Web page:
When leading party figures were asked when the headscarf issue would be prioritized, they answered, “When the time is right.” The AKP did not take a stand against the traditional statist anti-headscarf approach. Unlike its predecessor, the Necmettin Erbakan-led Welfare Party, or RP, it did not nominate any headscarf-wearing women to Parliament. Parliament Speaker Bülent Ar?nç, Erdo?an and then-Foreign Minister Gül did not attend any reception or official gathering in the company of their wives, all of whom wear the Islamic headscarf. They followed the rules.
In its first five years, the AKP created an impression of a political party trying to move toward the center, trying to shed the image of a “conservative Islamic party” born out of the National View. As its members gained experience in how to run state mechanisms, the party appeared in harmony with the system and highlighted consensus approaches. It challenged the military in only the smallest of ways, such as by making annotations to Supreme Military Council, or YA?, decisions and did not make any move to deal with coup attempts. Faced with negative reactions from the Turkish public and the European Union, the AKP even shelved a bill that would have made adultery a crime.
The first period of the ruling party was disappointing for its traditional base, but the AKP took what it learned during this era and used the experience to draw grassroots applause in its second period.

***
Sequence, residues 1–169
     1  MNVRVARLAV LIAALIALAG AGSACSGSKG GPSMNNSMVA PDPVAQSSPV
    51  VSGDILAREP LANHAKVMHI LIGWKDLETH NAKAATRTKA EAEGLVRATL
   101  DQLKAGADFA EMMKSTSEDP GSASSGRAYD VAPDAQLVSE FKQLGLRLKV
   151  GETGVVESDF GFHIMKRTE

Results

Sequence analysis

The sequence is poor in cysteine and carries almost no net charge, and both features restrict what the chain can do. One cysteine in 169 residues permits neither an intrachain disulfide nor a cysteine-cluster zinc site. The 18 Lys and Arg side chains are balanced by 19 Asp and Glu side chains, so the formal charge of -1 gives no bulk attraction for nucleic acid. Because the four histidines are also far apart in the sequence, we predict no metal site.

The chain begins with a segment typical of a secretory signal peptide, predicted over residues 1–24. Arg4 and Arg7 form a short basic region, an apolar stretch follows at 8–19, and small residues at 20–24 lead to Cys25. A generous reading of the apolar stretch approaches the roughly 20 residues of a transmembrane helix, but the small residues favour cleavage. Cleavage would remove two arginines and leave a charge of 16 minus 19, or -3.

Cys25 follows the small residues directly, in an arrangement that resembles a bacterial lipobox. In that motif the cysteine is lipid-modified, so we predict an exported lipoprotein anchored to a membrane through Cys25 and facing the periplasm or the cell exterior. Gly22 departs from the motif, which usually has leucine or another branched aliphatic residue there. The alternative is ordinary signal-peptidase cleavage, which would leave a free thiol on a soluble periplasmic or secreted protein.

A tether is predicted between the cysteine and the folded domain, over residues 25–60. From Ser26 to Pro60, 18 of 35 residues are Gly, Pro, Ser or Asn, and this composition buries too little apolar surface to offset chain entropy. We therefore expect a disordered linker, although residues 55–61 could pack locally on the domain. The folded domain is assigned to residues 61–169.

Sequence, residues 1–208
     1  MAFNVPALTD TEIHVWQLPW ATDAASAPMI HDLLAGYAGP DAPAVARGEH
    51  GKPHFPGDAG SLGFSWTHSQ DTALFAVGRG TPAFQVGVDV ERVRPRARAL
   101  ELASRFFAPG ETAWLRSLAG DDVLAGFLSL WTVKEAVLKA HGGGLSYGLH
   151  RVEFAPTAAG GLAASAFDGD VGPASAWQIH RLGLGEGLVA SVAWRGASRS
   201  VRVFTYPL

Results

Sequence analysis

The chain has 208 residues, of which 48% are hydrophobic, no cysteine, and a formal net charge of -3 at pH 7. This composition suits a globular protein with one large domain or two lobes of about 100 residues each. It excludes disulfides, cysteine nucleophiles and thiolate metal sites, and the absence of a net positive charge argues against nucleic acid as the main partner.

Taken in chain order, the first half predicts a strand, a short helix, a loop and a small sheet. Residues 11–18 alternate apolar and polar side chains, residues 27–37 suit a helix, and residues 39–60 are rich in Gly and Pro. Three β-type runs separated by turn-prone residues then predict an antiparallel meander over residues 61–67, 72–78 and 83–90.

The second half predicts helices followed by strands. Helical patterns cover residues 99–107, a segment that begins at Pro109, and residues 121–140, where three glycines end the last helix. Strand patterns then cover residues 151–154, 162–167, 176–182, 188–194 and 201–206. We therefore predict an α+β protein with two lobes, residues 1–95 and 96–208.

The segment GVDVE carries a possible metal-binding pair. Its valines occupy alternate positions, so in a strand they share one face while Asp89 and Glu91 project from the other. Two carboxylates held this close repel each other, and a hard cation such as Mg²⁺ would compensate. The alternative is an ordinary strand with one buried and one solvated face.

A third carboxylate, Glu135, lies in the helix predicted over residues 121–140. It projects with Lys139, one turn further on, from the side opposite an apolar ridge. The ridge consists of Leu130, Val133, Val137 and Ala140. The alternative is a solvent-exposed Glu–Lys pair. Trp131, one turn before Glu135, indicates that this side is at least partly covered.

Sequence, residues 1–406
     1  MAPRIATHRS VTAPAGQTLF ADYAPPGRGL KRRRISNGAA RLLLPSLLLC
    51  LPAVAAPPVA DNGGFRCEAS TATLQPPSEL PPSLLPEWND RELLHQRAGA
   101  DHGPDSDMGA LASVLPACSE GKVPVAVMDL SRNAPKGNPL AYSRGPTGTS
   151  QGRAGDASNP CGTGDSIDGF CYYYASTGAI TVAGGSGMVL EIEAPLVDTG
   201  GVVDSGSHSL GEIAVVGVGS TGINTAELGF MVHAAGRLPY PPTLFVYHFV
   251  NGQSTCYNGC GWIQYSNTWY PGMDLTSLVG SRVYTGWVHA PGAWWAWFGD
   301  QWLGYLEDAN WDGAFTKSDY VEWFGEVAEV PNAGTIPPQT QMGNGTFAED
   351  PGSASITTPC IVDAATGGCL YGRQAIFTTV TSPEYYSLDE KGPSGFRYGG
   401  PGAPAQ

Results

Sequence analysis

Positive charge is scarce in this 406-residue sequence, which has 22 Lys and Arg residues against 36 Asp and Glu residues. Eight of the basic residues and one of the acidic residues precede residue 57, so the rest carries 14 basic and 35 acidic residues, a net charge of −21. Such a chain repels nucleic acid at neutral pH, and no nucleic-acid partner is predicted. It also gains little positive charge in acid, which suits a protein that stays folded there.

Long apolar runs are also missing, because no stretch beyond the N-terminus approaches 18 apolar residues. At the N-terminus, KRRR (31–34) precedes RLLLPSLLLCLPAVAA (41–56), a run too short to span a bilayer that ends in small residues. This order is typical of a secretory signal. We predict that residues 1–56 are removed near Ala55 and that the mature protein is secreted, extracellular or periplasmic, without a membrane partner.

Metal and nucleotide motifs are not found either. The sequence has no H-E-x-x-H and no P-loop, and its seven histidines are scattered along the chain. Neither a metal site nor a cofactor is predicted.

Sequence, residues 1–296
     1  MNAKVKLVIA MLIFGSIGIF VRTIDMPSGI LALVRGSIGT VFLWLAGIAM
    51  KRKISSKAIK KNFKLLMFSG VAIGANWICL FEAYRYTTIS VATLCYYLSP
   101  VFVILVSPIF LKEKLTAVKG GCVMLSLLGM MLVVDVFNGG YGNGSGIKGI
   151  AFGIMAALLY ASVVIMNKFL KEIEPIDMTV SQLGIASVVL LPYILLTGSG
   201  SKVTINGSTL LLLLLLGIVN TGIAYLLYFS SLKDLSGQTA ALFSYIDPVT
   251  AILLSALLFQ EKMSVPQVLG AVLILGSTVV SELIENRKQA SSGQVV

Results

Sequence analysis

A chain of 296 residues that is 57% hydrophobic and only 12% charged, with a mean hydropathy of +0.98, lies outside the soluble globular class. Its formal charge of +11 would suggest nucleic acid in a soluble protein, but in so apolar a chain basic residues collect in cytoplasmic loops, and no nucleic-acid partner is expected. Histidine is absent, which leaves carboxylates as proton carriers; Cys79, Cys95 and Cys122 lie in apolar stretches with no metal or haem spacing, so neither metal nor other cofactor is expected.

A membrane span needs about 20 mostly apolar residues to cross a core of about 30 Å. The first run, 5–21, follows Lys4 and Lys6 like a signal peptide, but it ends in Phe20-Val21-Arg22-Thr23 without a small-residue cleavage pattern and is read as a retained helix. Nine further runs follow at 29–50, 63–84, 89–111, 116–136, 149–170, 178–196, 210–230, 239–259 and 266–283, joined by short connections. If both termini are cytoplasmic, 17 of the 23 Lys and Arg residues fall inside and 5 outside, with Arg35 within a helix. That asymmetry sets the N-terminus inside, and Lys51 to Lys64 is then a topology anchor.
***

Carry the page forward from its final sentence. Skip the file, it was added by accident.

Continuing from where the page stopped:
The second period: Fights with official theses
The AKP’s second period began as soon as President Ahmet Necdet Sezer’s tenure expired, but in many ways it actually goes back to the May 17, 2006, Council of State attack. The perpetrator was initially believed to be an Islamic extremist, but the case was later linked to the alleged Eregenkon gang, the ongoing investigation that has been one of the hallmarks of the AKP’s second period.
When Gül’s selection as president the following year was challenged by the military, the AKP called for early elections and won a decisive 47 percent of the votes in the July 2007 polls. The victory bolstered Gül’s bid and he was subsequently made president, bringing a man whose wife wears a headscarf to the Presidential Office for the first time. The AKP also managed to pass a constitutional amendment to take future presidential elections to a popular vote. All the while, secular circles continued to argue that the AKP had a hidden agenda and was preparing for a showdown, claiming, for example, that the ruling party was using the Ergenekon investigation to smother dissent.
On March 14, 2008, the AKP faced a closure case, the first against a ruling party in the history of Turkish politics. Abdurrahman Yalç?nkaya, the chief prosecutor of the Supreme Court of Appeals, filed a lawsuit against the party, accusing it of being a center of anti-secular activities and demanding that it be closed and that Erdo?an and 70 of his associates be banned from politics. The AKP reacted fiercely against the closure case and though it was found guilty of anti-secular activities, it was not shut down.